To be sure a representative average is involved, the width of the roll is sampled across its width at three places: front, center and back (F,C,B). The foregoing is a broad outline of the slide angle test. The equipment and procedure are described in more detail in U.S. Pat. No. 3,689,431.

The ability of the sheet to retain its slide angle is important. The paper mill ships the paper in very large rolls (e.g. reels 300.increment. wide and 8-10' in diameter) to the board manufacturer where the rolled sheet is split across its width into smaller sheet widths (say three or four) and these are rewound on winders.

The paper may vary in weight, 33, 42 and 69 pounds per thousand square feet are examples. Winding, unwinding and rewinding may loosen the silica particles so that the initial slide angle is considerably reduced. It is of no benefit to have a good initial slide angle, only to find later that the angle has diminished as a result of repeated winding and rewinding.

We practice so much of the prior art as involves use of a silica sol, that is, an aqueous dispersion of silica solids, heretofore employed to impart antiskid properties to paper. The particles are small and always have been, being measured in terms of nanometers. The particle sizes and concentration in the sol have been fairly well established, from as small as five or ten to as much as one hundred or one hundred twenty nanometers. What we believe to be new under our invention is the enhancement of retention of friction effected by combining the silica sol with glycerine and an acrylamide homopolymer. The unexpected results will be perceived from the following examples and comparisons. The comparisons were made at the facilities of manufacturers. All parameters effecting results had to be and were equal within experimental error and tolerance allowances at the plant, including paper weight and grade, silica particle size and dry weight and uniformity of application.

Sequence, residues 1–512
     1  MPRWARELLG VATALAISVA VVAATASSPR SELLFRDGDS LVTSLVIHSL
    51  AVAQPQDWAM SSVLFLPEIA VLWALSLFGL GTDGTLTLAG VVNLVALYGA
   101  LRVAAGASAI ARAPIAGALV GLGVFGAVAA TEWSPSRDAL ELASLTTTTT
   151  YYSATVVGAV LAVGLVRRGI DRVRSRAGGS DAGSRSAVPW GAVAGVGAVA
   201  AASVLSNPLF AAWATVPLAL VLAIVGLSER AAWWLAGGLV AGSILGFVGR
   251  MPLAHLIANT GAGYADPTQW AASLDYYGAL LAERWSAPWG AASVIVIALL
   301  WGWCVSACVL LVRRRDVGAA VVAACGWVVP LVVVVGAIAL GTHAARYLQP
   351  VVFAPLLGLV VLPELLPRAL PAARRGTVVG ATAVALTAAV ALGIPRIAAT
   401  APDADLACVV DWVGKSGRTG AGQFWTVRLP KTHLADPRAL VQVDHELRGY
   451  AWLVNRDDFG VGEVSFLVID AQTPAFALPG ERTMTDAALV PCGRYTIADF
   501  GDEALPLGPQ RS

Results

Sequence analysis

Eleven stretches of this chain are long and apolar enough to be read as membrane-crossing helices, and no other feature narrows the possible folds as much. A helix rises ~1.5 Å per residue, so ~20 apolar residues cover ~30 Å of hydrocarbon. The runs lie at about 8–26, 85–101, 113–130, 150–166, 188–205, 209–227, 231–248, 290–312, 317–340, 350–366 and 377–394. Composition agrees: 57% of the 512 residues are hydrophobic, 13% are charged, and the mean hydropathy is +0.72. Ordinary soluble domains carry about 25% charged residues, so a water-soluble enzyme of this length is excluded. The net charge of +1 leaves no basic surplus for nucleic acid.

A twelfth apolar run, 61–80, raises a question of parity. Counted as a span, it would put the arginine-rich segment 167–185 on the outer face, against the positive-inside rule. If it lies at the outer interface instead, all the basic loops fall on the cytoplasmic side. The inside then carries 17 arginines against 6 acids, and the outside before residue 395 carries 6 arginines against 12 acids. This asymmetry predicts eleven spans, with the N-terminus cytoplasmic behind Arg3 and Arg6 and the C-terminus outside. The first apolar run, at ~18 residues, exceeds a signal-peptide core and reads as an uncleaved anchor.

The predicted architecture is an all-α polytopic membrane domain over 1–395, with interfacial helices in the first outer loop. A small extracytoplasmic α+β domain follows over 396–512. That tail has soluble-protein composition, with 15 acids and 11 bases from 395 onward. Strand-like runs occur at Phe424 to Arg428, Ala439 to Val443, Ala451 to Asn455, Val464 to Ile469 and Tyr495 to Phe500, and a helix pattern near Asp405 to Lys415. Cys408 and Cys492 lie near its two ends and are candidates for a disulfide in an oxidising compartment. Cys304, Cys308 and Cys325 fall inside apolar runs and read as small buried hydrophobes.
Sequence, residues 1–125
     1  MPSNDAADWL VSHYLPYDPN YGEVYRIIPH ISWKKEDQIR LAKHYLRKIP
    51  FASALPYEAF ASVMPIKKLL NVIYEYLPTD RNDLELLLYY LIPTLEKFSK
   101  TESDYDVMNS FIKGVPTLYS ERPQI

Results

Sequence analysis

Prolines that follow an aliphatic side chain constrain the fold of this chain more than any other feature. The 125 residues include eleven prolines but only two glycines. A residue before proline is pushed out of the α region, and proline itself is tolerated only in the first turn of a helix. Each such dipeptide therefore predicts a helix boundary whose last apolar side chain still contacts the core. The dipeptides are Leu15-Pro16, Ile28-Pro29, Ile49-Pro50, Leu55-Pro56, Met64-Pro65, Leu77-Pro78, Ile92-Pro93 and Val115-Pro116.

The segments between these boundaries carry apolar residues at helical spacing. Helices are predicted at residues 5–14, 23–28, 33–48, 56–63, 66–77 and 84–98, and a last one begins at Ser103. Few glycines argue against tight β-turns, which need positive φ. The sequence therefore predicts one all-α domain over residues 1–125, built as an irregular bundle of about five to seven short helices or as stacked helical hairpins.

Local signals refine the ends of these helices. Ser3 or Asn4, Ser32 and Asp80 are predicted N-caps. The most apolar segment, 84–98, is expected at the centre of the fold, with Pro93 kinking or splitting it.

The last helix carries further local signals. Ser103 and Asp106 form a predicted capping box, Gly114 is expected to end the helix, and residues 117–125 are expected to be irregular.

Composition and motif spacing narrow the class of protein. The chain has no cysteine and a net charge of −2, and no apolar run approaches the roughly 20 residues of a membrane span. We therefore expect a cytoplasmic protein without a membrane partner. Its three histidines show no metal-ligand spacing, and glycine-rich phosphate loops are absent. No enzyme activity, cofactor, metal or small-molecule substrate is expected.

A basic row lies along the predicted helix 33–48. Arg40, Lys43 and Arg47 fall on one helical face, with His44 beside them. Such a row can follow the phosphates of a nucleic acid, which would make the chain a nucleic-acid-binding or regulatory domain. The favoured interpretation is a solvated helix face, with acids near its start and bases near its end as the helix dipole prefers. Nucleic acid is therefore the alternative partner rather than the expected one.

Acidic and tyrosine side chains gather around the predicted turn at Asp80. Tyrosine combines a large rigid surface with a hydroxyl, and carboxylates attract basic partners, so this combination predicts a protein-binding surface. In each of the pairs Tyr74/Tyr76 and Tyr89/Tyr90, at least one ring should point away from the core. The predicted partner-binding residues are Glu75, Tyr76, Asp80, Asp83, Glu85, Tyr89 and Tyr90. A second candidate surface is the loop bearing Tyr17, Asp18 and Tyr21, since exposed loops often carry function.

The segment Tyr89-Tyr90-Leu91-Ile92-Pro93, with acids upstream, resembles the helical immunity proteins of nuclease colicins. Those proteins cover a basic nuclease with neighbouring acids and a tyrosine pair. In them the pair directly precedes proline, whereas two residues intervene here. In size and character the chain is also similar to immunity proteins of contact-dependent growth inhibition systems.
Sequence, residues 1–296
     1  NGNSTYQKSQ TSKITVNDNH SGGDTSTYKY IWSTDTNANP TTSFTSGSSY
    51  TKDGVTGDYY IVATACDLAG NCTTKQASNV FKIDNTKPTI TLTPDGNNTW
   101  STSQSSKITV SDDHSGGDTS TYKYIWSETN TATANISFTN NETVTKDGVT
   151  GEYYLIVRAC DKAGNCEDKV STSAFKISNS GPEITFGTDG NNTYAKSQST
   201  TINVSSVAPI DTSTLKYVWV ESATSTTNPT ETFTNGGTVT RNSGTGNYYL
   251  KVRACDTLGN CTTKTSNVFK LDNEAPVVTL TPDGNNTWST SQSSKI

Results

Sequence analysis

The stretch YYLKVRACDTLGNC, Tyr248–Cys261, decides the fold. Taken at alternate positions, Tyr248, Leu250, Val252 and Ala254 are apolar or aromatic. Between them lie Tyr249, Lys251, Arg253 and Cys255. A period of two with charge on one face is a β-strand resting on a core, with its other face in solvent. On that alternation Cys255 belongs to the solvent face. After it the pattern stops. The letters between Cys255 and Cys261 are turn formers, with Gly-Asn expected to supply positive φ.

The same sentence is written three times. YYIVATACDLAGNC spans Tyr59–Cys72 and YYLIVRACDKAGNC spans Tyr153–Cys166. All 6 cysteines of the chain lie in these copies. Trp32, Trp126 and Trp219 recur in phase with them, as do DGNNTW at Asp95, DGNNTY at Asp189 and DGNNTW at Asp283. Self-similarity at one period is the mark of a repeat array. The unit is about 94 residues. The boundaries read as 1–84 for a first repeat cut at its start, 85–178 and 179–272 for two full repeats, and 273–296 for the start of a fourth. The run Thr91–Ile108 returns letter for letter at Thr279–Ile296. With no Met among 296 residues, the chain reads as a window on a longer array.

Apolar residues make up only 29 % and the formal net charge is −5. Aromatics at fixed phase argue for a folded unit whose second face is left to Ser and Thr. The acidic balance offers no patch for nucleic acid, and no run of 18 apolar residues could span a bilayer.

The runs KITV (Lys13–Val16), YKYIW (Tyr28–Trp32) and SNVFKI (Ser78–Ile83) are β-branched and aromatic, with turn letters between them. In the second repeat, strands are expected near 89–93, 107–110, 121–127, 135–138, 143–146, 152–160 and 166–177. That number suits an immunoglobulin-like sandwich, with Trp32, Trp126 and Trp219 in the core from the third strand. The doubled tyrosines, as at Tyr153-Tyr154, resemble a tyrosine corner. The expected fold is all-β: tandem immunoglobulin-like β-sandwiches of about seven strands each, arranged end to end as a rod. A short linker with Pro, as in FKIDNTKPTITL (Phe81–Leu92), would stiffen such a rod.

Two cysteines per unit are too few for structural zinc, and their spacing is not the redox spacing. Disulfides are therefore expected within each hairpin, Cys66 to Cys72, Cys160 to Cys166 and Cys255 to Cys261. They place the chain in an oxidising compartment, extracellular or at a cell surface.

We have tested with consistent success in the field a combination of silica sol, glycerine and acrylamide polymer, examples 1 and 2.


______________________________________Ingredient           Weight %______________________________________Colloidal Silica     92.95Glycerine            2.00Polyacrylamide (homopolymer)                5.00Preservative         0.05______________________________________

The colloidal silica is forty percent by weight silica particles (average particle size about seventy nanometers) balance water. The glycerine (glycerol) is an industrial grade of 99.5% purity.